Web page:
Saturday, November 26, 2011

Politics, Language and Thought

As I look at conservative and liberal politicians, pundits and lay commentary, a pattern begins to emerge in which certain attitudes and cognitive "styles" seem to be more common to one side or the other.

The right seems to like certainty - as opposed to nuance, "masculine" forceful presentation and domineering conviction - as opposed to "feminine" softness and passive listening, or "openness". These seem strongly associated with traditional versus progressive social identities.

My guess is that many conservatives might disagree with that framing. Would they see any truth to it, though? Just by looking at the type of personal styles and approaches to governing and speaking, are there any patterns that they might see between liberal/conservative attitudes and personal presentations, especially that have policy consequences?

I think I see evidence for my framing. I also think you can find a lot of the language both partisan sides use that supports it as well. Conservative and liberal citizens seem to have divergent ways they see and talk about the world. 

George Lakoff, a liberal linguist who has done much to popularize this discussion, at least on the left, identifies a set of words significant to partisan politics, drawn from speeches and writings.  Among conservatives, the following words are given primacy:
character, virtue, discipline, tough, strong, self-reliance, self-reliant, individual, responsibility, backbone, standards, authority, heritage, competition, earn, hard, work, enterprise, property, reward, freedom, intrusion, interference, meddling, punishment, traditional, dependency, self-indulgent, elite, quotas, breakdown, corrupt, decay, rot, degenerate, deviant, [and] lifestyle.
And among liberals:

social, forces, expression, human, rights, equal, concern, care, help, health, safety, nutrition, dignity, oppression, diversity, deprivation, alienation, corporations, corporate, welfare, ecology, ecosystem, biodiversity, [and] pollution.
However, a study of the actual use of these words in political ads failed to find much of a correlation between the identified conservative language and conservative ads.  However, there did seem to be a correlation between identified liberal language and liberals campaign ads.  The author hypotheses that this need not undermine Lakoff's thesis, but rather illustrate the different dynamics involved in the efficacy of political advertising.

I've been reading this paper that looks at how psychologists and sociologists have tried to examine the issue over the past half century. However I'm pretty skeptical of their findings. For instance, they seem to want to suggest that there are personality types that lead to conservative or liberal thinking. Yet the personality types they identify are rather vague: conservatives = more conscientious, liberals = more "open to new ideas". But it would seem that conservative or liberal thinking leads to these dispositions. Furthermore, the tribal, identity-driven aspects of liberal and conservative communities reinforce norms that foster these dispositions. For instance, in one part of the study they cataloged the possessions of self-identified conservative and liberal grad students, and found correlations, such as more liberal students having more ethnic music in their CD collections. Yet are these students really more "open" people, or are they part of a liberal identity that has pushed them to go out and explore ethnic music? This normative pressure may indeed result in them being more "open" to different ideas, either cultural, political, etc., and thus seem to be more "open" people, but it doesn't necessarily tell us anything about an innate personality. Likewise, their findings that conservative rooms tended to be cleaner and have more sports memorabilia would seem to be evidence of conscientiousness and preference for tradition, yet these too are cultural, normative artifacts.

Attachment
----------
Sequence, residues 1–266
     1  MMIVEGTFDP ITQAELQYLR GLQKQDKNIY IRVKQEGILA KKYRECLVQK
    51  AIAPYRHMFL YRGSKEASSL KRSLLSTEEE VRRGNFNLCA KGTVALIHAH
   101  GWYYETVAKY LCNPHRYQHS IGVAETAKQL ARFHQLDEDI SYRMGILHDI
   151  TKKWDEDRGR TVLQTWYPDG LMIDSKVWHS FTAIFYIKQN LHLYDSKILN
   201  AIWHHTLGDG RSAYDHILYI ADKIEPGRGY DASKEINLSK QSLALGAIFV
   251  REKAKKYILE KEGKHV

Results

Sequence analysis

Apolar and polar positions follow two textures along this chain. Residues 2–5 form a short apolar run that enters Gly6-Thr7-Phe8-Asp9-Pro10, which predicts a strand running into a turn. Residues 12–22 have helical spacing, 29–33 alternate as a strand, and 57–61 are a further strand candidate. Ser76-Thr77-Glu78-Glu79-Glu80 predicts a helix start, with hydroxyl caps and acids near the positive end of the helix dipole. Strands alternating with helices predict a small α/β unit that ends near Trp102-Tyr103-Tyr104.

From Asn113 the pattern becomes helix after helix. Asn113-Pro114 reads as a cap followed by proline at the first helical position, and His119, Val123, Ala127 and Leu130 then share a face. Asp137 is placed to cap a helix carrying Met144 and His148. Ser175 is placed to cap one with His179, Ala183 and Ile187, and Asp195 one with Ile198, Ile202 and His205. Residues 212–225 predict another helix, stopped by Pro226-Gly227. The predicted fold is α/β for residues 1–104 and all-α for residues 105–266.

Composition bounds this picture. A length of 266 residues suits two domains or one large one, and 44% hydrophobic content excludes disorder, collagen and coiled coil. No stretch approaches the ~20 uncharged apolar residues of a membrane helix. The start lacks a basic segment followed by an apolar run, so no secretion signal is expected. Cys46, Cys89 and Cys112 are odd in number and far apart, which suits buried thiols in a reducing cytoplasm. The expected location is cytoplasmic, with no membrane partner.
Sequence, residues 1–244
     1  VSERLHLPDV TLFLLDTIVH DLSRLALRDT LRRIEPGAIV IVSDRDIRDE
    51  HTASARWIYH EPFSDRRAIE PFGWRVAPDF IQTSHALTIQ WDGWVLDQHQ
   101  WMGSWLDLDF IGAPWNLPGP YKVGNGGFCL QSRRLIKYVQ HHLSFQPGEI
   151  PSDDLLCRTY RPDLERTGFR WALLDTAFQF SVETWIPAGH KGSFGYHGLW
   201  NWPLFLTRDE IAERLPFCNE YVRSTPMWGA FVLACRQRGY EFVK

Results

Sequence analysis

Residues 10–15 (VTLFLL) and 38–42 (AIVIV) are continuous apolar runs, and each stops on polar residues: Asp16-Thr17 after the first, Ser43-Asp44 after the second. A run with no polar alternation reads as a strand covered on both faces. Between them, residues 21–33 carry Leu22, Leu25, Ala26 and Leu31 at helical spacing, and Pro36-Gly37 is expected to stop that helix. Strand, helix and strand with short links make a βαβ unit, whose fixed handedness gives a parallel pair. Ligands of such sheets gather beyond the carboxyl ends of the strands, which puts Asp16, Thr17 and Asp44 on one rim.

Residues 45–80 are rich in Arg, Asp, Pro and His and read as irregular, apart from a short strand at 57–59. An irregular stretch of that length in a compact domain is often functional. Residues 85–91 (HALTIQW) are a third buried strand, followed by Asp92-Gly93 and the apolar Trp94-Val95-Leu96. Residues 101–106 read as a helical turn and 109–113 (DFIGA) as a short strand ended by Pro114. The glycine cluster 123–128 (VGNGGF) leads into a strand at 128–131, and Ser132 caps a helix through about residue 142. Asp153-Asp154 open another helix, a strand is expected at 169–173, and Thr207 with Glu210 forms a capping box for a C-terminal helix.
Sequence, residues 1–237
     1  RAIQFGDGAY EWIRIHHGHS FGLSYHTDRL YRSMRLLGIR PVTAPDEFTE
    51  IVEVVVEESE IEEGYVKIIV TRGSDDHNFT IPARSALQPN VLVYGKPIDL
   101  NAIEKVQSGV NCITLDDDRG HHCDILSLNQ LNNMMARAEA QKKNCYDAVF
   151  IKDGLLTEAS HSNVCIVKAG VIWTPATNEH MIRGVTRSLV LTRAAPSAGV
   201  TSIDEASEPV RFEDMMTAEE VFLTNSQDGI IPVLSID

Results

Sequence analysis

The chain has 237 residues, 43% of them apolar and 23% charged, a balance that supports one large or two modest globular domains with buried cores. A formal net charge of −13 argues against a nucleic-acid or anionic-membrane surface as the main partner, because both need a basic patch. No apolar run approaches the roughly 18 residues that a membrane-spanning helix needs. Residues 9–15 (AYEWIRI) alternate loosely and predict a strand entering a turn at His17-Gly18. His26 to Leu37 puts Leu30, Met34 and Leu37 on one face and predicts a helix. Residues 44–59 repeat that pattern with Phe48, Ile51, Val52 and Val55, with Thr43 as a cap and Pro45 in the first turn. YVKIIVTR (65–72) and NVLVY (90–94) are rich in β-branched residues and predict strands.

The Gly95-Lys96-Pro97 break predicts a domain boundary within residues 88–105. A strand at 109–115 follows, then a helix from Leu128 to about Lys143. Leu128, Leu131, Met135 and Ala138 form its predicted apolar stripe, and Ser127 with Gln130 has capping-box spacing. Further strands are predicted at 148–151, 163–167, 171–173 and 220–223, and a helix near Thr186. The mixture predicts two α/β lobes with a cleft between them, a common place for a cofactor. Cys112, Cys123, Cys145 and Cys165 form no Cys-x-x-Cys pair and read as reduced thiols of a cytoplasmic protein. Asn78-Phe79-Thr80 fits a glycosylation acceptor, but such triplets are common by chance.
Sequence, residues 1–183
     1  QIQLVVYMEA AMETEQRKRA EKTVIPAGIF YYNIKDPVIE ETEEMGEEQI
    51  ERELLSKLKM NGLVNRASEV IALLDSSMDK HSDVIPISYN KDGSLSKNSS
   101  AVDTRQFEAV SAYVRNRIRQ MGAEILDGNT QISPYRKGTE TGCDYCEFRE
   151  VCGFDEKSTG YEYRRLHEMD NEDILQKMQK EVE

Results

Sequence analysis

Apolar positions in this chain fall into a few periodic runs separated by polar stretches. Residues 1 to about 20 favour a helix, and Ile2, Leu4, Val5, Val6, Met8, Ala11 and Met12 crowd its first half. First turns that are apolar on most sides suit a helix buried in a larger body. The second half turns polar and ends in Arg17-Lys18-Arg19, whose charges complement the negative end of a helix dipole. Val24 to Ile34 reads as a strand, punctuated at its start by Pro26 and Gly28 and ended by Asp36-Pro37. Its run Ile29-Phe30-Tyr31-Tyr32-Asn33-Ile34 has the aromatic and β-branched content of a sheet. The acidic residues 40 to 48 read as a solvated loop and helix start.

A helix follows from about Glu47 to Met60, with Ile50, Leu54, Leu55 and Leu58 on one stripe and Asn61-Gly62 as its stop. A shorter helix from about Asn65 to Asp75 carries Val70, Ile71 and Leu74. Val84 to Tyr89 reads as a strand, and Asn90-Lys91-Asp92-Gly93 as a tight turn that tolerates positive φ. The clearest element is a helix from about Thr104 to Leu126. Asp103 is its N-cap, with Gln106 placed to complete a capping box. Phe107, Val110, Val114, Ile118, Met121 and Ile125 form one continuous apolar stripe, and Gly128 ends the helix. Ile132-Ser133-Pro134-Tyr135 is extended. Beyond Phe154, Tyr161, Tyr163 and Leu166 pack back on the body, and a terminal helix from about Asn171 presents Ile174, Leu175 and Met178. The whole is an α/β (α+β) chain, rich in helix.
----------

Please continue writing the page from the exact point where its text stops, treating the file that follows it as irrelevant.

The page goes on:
I'm curious how conservatives would see the issue. The psychological and sociological research appears to have been dominated by liberal researchers. Yet there is something to culture, ethnicity, normal and political partisanship. If not innate (likely), there do seem to be quite different normative pressures involved. Especially as society seems to have become more polarized, I think it is an important issue to investigate. As people become more politically polarized, both in community networks and even geographically, these norms would seem to be even more self-reinforcing. There almost seem to be many structural inevitabilities at work. Is this pattern a natural evolution of a heterogenous, democratic, wealthy nation, in which people's natural, tribal inclinations are perpetuated by their ability to self-select into political and cultural tribes?

No comments:

Post a Comment